And she says: “Big contradictions (in the social structure) exist, but what we see today is also a gaze given from outside (by the colonialists, before by the islam and others). This gaze was internalized, today we find ourselves partially in this way … Indian see situations belonging to a context, not generalized (exemple: what is good behavior? Answer: belongs to whom/to which situation), german-Swiss TV-talk, Jan. 21, 2007. My comment: if a behavior is belonging to a situation, a context, then human rights cannot be guaranted. Human Rights are build up on individuals having right for same treatment, same consideration, without any discrimination.

Her text in a team-edition: Entangled Histories of Uneven Modernities: Civil Society, Caste Solidarities and Legal Pluralism in Post-Colonial India, by Shalini Randeria.

Read: CEU Gazette.

Read: Routes of modernity and formulas / profiles of civil society in India, Plenary discussion.

Read: Panel (pull down): Self-constitution of society and the politics of identity: Controversies about caste, 05.10.04, Organisation and Coordination: Martin Fuchs, Monika Wohlrab-Sahr und Shalini Randeria, Introduction and Moderation by Martin Fuchs.

Read: Knowledge, Diversity and Governance.

Read: Changing approaches to fieldwork in India in the age of globalisation, by Paolo Favero, Stockholm University, and Shalini Randeria, University of Zurich, discusssed. Long Abstract: Over the past decade India has become more connected to the global economy. This process has entailed a number of transformations. The GDP, the size of the middle classes and foreign investment in the country have grown. But so has the gap between rich and poor and between urban and rural areas, phenomena which also contribute to the growth of emigration from the country. These recent transformations have also entailed changes in how India is imagined, within the country as well as abroad. Within the country there is a contrast between the transformations that have taken place and the discourses surrounding these. In the West, the image of India is undergoing a change as well. No longer only represented as an exotic dreamland populated by barefoot beggars and wandering holy men, India has also become, in the Western imagination, a superpower in-the-making, a new frontier for technology and market opportunities and a potential competitor. What do these changes imply for how we conduct anthropological research in contemporary India? The panel will explore the new trends of fieldwork in India and enquire into how anthropologists can critically face the transformations taking place there. How can we overcome the limitations of older discourses and refocus our research while avoiding the current celebratory rhetoric? What kind of approaches would avoid reifying India according to older categories but also eschew new stereotypes? Is there a way to combine divergent issues such as caste, new sectarian movements, village structures, state institutions, Bollywood, reproductive medicine clinics, kinship studies and hi-tech call centres into a new critical framework? Which innovative methodological tools and ethnographic practices can be used for an ethnography of these fields? The panel addresses questions regarding the implication of these changes for the modalities of fieldwork and the longstanding tradition of anthropological research in India.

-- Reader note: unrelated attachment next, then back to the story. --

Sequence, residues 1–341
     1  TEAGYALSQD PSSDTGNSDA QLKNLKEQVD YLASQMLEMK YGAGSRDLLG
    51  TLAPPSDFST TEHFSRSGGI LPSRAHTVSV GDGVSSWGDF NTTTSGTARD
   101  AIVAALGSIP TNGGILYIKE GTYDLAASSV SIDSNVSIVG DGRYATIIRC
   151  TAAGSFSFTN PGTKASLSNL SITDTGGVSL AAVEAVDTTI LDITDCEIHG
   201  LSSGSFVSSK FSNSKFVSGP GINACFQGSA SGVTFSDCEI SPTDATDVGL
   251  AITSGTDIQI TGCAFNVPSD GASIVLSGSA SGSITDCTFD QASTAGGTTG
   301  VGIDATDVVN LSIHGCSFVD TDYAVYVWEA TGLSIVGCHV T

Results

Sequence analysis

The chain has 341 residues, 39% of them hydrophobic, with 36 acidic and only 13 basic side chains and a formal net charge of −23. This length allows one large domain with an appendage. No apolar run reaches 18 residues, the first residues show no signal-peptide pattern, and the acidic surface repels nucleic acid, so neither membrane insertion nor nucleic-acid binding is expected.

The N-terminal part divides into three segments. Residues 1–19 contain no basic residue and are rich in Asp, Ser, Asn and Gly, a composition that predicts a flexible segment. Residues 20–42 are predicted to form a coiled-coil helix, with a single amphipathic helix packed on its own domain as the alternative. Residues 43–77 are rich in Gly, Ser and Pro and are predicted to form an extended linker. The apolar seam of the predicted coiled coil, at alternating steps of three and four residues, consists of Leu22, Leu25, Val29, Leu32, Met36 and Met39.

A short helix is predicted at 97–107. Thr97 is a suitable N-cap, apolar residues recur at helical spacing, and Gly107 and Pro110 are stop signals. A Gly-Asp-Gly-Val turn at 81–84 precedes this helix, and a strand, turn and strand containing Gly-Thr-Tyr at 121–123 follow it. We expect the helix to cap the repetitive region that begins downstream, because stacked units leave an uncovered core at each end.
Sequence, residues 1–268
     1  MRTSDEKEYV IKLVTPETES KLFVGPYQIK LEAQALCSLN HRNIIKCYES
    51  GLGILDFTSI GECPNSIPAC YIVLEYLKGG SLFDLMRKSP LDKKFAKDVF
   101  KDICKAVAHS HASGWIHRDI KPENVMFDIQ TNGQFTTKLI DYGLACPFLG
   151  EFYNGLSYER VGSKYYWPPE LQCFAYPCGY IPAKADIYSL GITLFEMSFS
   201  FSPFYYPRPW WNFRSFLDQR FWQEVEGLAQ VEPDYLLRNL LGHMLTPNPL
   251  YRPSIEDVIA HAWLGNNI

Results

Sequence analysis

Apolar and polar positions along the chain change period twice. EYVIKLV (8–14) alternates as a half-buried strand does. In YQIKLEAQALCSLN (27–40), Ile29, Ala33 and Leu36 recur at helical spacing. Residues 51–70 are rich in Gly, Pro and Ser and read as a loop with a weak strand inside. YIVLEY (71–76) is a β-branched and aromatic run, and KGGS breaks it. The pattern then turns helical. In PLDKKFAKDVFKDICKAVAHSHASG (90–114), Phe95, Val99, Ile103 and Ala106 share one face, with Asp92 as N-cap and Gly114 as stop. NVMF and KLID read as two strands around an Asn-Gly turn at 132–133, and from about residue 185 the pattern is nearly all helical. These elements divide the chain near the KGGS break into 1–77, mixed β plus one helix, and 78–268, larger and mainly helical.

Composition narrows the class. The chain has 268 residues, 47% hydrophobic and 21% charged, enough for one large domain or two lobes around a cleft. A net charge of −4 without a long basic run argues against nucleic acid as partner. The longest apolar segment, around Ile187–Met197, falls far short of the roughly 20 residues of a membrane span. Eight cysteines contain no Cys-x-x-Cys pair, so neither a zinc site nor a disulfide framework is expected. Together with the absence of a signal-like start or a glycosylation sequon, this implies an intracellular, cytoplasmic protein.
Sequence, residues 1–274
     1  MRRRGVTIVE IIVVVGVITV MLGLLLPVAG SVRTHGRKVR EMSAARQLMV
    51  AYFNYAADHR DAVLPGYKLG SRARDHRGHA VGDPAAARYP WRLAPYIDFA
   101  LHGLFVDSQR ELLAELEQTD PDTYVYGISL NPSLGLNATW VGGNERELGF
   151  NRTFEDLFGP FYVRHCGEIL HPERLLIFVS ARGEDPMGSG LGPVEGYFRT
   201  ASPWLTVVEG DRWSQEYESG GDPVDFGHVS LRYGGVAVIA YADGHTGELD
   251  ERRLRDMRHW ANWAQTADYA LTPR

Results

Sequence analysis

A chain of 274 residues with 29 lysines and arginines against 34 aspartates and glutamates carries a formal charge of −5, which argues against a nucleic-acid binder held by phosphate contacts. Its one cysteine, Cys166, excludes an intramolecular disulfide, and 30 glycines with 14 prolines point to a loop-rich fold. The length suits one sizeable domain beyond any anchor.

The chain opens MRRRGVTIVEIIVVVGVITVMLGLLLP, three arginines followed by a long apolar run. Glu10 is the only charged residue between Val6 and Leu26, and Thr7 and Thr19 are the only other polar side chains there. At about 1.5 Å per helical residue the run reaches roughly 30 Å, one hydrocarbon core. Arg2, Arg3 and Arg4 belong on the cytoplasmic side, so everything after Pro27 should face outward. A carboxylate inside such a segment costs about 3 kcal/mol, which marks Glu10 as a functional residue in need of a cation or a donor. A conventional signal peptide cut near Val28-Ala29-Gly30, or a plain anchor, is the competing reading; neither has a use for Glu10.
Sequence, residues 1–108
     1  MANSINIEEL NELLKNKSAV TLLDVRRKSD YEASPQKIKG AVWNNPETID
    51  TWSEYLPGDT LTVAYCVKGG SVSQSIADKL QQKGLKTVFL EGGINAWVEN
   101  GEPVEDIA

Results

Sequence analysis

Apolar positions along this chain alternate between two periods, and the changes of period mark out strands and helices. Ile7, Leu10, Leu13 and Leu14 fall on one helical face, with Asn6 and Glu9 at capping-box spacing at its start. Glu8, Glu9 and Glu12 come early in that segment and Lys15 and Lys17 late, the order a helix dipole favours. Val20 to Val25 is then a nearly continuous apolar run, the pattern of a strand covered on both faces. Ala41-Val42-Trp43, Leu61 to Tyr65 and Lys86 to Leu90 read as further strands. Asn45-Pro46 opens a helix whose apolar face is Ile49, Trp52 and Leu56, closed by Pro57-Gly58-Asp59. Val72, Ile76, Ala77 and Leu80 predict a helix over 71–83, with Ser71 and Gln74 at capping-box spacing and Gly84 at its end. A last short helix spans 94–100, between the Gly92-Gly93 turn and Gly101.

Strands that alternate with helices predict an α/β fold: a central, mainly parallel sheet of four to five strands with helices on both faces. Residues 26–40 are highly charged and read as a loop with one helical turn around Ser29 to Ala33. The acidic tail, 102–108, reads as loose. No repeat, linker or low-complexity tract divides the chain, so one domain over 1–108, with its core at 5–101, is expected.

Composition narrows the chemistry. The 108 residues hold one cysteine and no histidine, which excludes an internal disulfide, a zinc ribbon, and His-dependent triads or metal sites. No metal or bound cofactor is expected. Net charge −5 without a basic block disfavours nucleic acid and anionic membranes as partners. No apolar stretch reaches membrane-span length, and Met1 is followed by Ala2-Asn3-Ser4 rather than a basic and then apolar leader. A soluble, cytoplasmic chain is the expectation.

Her CV in german.

Gastprofessuren: Prof. Dr. Shalini Randeria ist von Oktober 2006 bis Februar 2007 vom Wissenschaftszentrum für Sozialforschung Berlin eingeladen worden, am WZB zu forschen. (full text).

Wohlstand und Weltgeltung strebt nun auch Indien an. Das einstige Kolonialreich hat sich emanzipiert und zum ökonomischen Giganten gewandelt. Dabei könnten die Gegensätze des Subkontinents nicht unterschiedlicher sein. Noch immer sind 51 Prozent der Inder Analphabeten, dennoch bringt das Land die zweitgrösste Gruppe von ausgebildeten Wissenschaftler hervor. Dabei war es nicht so lange her, da las man von Indien als dem Land der Magie und der Tausend Götter, von Chaos und Geheimnissen. Heute macht Indien mit seinem einzigartigen Wirtschaftsboom Schlagzeilen und demonstriert mit seinen Atomwaffen politisches Selbstbewusstsein. German announcement of the Swiss TV-talk with Shalini Randeria, Jan. 21, 2007.



IMDb, with 3 results in german TV ‘Nachtstudio’;

Bücher im Fernsehen.